Game reporter is perceived as a casual job in China, while it is actually not different from other kinds of reporters besides the topics their cover. Why game reporters are perceived as casual for a profession? Some of the reporters don’t take the career very seriously. I’ve identified the following aspect that some game reporters can improve based on my observation of some major gaming websites in China.
1. Less topic 10s of the hottest female characters
It is fine for readers to have some “eye-candies” occasionally, but stuffing contents like that on your landing page almost everyday is not cool. Be considerate for your female readers, who might now being constantly offended by the cyber-collections you published. Besides, your judgement of beauty will be judged, and the judgement will always go to the comments.
2. Less IGN articles, more original thoughts
Every time when there is a new game, IGN will give a review. Chinese reporters do the same, but their reviews would just be a translation of the snapshot they took from the IGN review page. Where is your original input of the game? Of course you can use the IGN review as a reference, but it should stay as a reference only. If we as readers would like an review from IGN, we go to the website directly. It’s 2012, most of the Chinese gamers’ English skills are sufficient to handle an English game review. Speaking of English skills, If you really want to translate the original article, please translate them correctly. “Grammar police” is a global phenomenon, If you messed up the translation, you will be humiliated by them, in the comments, big time. And your credibility of reputation? Ouch.
3. Don’t publish snobbery articles.
We understand your preference when it comes to gaming, so you should also understand others’ preferences as well. Writing articles with a preference is one thing, bad-mouthing fans of different genre/platforms is another. The snobbery issue has already been pretty severe in the Chinese gaming society. Try not to worsen it.
4. Manage your tone.
We appreciate humor, but not all of us enjoy old, crude or inappropriate jokes. Update your funny pool frequently and be serious occasionally, it is crucial to maintain some sense of authority and credibility for the website, If you take everything casually (whether it was your intention or not), eventually no one will take your articles seriously.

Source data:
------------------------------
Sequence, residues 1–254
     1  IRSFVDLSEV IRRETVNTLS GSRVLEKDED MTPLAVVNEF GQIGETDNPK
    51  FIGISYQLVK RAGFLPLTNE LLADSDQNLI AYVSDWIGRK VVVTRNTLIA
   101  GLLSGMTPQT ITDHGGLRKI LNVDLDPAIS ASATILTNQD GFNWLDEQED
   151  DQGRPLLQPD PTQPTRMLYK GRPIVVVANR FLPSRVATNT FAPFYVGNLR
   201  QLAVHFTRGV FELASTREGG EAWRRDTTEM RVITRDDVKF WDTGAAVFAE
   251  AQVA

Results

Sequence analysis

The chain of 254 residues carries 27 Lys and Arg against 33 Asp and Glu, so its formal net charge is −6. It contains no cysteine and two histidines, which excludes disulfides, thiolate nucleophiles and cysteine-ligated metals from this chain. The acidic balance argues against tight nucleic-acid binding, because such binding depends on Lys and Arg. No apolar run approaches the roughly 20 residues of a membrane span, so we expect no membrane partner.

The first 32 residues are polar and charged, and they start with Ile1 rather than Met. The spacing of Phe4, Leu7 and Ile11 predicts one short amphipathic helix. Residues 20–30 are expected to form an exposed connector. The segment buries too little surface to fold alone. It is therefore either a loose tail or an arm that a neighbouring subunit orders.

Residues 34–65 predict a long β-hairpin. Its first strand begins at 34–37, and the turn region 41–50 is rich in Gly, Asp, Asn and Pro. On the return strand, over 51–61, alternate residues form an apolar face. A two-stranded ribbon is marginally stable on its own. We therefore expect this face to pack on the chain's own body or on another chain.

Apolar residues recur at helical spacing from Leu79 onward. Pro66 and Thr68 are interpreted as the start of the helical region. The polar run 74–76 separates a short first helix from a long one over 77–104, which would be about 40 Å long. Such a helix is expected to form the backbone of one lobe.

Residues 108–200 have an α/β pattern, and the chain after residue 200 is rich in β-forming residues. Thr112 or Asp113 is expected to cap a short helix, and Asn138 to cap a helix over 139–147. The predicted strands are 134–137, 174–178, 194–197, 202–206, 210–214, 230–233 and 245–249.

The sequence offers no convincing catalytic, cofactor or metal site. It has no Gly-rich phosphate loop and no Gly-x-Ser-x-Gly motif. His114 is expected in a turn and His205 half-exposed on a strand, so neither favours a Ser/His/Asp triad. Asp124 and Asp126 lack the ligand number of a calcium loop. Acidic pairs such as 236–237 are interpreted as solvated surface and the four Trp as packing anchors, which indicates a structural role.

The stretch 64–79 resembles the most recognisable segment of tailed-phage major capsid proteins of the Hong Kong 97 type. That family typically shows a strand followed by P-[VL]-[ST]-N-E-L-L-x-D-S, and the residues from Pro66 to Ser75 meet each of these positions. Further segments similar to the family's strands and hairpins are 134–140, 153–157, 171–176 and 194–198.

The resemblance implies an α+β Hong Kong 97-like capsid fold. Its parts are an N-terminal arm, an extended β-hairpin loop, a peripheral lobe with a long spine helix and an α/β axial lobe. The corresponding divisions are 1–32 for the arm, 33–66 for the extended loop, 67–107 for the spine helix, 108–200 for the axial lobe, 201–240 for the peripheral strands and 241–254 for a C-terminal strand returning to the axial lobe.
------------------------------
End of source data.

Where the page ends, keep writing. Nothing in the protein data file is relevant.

I’m Yueran. I’m an avid video gamer, I love gaming. No matter how my parents would criticize me regarding this “addiction” that I have, I still played them when I was a kid back in China.
Just a random thought, the reasons why I came to the U.S. (Boston University, College of Communication) to pursue my academic goal are: 1. Academical achievement of course. 2. I get to get out of my parent’s reach, and have more time to play video games.
Video gaming is fun, it’s an opportunity to have a little “get away”, a chance to listen/watch a story and of course, a great time killer. Gamers like me are everywhere in China, but oddly enough, they don’t sell games there anymore. People download them, for free.
It must sounds like heaven to some of you huh? It’s not. The reason why China don’t sell video games, aside from the infamous non-copyright issue, video gaming is demonized out there. Take my parents as an example, the couple is relatively open-minded when it comes to me, they still take gaming as an activities for the “under-achievers” (If by any chance you’re offended, welcome to my life).
The reason I stated above is what I considered a major obstacle keeping video games from China：It’s demonized. It’s like a drug that consumes your life, energy, ambition and money.
But how many of you would actually agree with that? How many of you would think that the identity as a gamer would not be acknowledged in China is a good thing?
It is hard for gamers to change that situation in China. But hey, what about gamers with skills? Like, a PR professional?
As a PR professional wannabe, and of course a gamer. This is a very challenging task. However, I believe the change can be achieved. Thus I started this blog, with a purpose of making sales of video games possible in China and a goal of changing Chinese’s perception of video games.
For my future posts, I will be selecting gaming industry news related to China to comment, critique or sometimes to make fun of.
If you are interest in this, you’re more than welcome to comment on my comments, especially those who disagree, not for the sake of argument but for sharing a valuable perspective.
Thank you for reading the very first post of Pitching to the Dragon.